in problem E, when iterating to new character x then how we calculate dp[mask|(1<<x)] ?

I have tried an O(m^2*2^m) solution for problem E but it is giving TLE.

I cannot understand the solution of problem E. Specially, "If letter y is already on current keyboard, then we should add to answer cntx,y(posx−posy), and cntx,y(posy−posx) otherwise" sentence. Why should we consider the letter y which is not included in the keyboard? And on last formula,∑y∈msk(cntx,yposx)−∑y∉msk(cntx,yposx), why there is no posy? Where do they go?

Ah Sorry, I understand.

How do you erase cntx,y*posy? Can you explain? I think it is only possible when the two summations have the same range.

Maru can you please explain?,∑y∈msk(cntx,yposx)−∑y∉msk(cntx,yposx),

Can you explain why there is no posy??

Can any one explain how to solve D if there are 26 character?

Can someone explain how to solve D with 'binary search'?

How to solve D using DP?

Just a side fact: The resultant tree that gets formed in the problem F is also called Caterpillar Tree.

can someone please explain the structure of tree formed in problem F? I didn't get it from editorial completely.

It's a caterpillar: https://en.wikipedia.org/wiki/Caterpillar_tree

Thank you for your reply! But I am asking can you please explain how we land on this structure?

One major point here is that an integer can't be contained in three or more segments, since that would correspond to a cycle in the described graph, but we're given a tree, so that's ruled out. With this knowledge, let's construct some intervals so that we can maximise the number of intervals. We'll try to have two segments containing an integer as long as it is possible, since we're trying to maximise the size of the required subgraph.

So we have a continuous sequence of intersecting intervals, and then for points that are not yet covered by two intervals, we're trying to find as many non-intersecting intervals as possible to cover those points (you may even think of them as degenerate intervals, where l = r, if you want, since we're free to size our intervals as we please). The only thing that limits us is the given tree, where the smaller intervals can only be as many as the count of neighbours except the next interval in the path. I hope you see why this is optimal, and why this would correspond to the caterpillar graph.

Why is there a "Binary Search" Tag on Problem D? How to solve it using Binary Search?

How to understand the meaning of the dp array in E problem?

Problem fixed.

Sorry for inconvenience.

Read the statement carefully.When you will explosion on x=3 you will get 6 7 7 7

Then every monster is either killed by explosion or pushed away.

if you'll fire at c=3 then positions will become 6,7,7,7

awoo, in problem E, could you explain how you arrived at the final formula

got it now..

can u explain it here plz

thnx . got it now

Can you please explain how this formula arrived !!

Can Someone Explain What d[M][N] represents and how we used it to calculate dp[M] in the editorial for problem E?

Can someone please share some way to actually count the number of good substrings(not negating bad substrings), just curious!!

Doubt in problem E.

Hi, i have a question about why my code didn't get TLE.

My idea:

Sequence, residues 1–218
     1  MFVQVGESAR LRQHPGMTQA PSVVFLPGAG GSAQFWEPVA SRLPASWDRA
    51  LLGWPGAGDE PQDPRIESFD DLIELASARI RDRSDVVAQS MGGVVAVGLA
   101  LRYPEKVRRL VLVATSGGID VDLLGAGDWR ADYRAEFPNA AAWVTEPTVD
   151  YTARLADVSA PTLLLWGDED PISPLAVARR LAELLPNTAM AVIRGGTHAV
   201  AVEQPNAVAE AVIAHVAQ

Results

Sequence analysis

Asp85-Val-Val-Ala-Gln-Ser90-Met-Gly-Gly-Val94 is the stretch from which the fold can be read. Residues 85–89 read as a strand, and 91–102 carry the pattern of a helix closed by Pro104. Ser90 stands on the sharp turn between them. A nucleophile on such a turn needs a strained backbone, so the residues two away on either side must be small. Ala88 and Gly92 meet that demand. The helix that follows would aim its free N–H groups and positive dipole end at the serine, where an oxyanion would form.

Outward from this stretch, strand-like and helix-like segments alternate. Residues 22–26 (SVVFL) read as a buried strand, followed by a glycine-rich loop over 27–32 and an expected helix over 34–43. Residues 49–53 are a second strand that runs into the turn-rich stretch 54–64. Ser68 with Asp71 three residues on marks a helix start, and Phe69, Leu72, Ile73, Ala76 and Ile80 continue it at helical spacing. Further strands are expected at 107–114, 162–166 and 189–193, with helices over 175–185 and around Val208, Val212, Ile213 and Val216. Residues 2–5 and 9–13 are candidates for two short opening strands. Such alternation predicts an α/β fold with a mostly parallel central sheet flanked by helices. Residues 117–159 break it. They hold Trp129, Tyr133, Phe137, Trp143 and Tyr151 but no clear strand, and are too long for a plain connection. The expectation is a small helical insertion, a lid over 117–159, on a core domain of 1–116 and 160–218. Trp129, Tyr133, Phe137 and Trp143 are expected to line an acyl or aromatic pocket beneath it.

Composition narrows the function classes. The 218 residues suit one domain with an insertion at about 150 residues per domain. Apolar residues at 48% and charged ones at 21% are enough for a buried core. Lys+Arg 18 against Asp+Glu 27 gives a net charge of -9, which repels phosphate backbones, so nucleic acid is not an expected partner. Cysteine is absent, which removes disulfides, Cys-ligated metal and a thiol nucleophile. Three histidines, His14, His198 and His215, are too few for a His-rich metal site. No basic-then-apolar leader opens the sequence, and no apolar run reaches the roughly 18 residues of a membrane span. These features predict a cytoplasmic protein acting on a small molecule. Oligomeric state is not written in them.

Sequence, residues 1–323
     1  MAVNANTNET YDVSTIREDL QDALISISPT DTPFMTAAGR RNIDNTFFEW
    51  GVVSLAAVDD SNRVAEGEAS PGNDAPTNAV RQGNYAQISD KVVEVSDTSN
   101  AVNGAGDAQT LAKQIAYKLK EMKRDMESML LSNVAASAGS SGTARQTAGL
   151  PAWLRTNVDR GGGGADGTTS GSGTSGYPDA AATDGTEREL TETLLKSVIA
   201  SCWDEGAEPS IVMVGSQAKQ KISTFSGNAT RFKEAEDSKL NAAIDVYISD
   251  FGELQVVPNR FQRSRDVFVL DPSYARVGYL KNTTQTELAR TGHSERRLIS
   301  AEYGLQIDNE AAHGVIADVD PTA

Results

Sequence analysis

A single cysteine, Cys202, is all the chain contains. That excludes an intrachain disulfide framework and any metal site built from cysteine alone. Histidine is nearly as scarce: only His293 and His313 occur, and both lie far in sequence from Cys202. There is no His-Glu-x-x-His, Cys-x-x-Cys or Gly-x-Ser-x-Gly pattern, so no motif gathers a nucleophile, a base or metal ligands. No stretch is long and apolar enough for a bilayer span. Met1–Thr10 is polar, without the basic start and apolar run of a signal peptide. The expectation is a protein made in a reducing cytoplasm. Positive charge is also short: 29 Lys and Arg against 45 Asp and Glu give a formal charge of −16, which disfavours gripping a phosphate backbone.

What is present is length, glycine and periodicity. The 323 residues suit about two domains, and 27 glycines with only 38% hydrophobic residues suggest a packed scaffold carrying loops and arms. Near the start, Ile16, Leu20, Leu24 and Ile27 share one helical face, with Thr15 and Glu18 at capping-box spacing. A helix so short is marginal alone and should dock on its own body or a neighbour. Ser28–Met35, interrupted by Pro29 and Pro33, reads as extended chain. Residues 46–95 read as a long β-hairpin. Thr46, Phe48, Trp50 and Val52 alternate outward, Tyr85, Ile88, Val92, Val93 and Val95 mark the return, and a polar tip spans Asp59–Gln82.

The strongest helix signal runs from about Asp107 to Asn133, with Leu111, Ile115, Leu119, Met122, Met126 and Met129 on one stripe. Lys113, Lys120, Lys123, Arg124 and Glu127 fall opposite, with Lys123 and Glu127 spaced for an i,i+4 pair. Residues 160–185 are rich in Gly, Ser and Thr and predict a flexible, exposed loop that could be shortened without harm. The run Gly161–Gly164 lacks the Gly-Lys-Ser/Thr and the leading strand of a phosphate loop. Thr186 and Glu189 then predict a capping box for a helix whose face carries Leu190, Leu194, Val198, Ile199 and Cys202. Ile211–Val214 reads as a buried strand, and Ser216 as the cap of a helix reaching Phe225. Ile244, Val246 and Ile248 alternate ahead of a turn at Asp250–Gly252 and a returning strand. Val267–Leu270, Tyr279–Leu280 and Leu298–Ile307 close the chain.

Imagine the graph with letters as nodes and weighted edges (the weight of an edge is how many times the node u came right before node v or node v came right before node u in the string).

I used the fact that |a-b| = max( a,b ) — min( a,b ).

So i started selecting the letter (or node) with the position $$$N$$$, the the letter with position $$$N-1$$$ and so on, obviously taking care not using a node twice. And with this in mind a node $$$u$$$ will add (its postion) times (the sum of the edges from that node to the rest of the nodes that have not been selected yet) — (its position) times (the sum of the edges from that node to the rest of the nodes that have been selected ).

I did this but i think that the complexity is m^3 * 2^m which is somethig like 8*10^9 worst case.

Could someone explain me why this solution passed?

My code: 62655475

In problem D, what is the role of x in res-=cur-x. For the first iteration of the loop we check for strings that end with AAB or BBA. And for the second iteration we check for strings that start with ABB or BBA. Why subtract x=1 from res ? Got it.

can you tell me why?? i am looking for such a comment.

Can someone please explain the intuition behind problem E and can anyone please give some tips to improve bitmasking.

Random solution to problem F gives ACC, is it because test cases are weak? 63616653 I just choose 20 nodes at random plus the center(s) of the tree, and for each of them run the same dfs assuming that answer pass through it. Can someone tell the probability of choosing a vertex and it belongs to an answer? I know it's something like ANSWER / N.

Suppose we have a tree with $$$\sqrt n$$$ branches of length roughly $$$\sqrt n$$$, where two of the branches are a bit longer. Then, the answer contains roughly $$$3\sqrt n$$$ vertices, so the probability of choosing a node that is part of the best subgraph is roughly $$$3 \sqrt n / n \approx 0.005$$$ for $$$n=3\times10^5$$$. If you choose 20 nodes at random, then the probability of failure is roughly $$$0.995^{20} \approx 0.89$$$, so this solution shouldn't pass.

would someone plz answer my question ??

In problem B, tutorial's time complexity is O(n * logn) in every query. so i think total time complexity of the algorithm is O(q * n * logn).

https://codeforces.com/contest/1238/submission/64450447 — this is my code. my time complexity is O(n+log n) ~ O(n) in every query. so i think total time complexity of my algorithm is O(q*n).

my question is why the tutorial's code passed but mine couldn't passed?

Your complexity is O(q*MAX) where MAX=1e5.

Oh, Thank you! i understand that

wait, in problem B if the complexity in each query is O(n log n) then does that mean the whole problem will be O(q*n*logn), how does this still work with q <= 1e5?

Read the constraints. It is clearly written — "It is guaranteed that sum of all n over all queries does not exceed 10^5.". Thus the time complexity is O(q*n*logn) but q*n<=1e5.

Can anyone tell me why am i getting TLE in B ?

Do read the blog first .

Because the reason behind TLE is strange link to the blog is here...

Constraints on E is unecessarily too tight, usage of long long gives TLE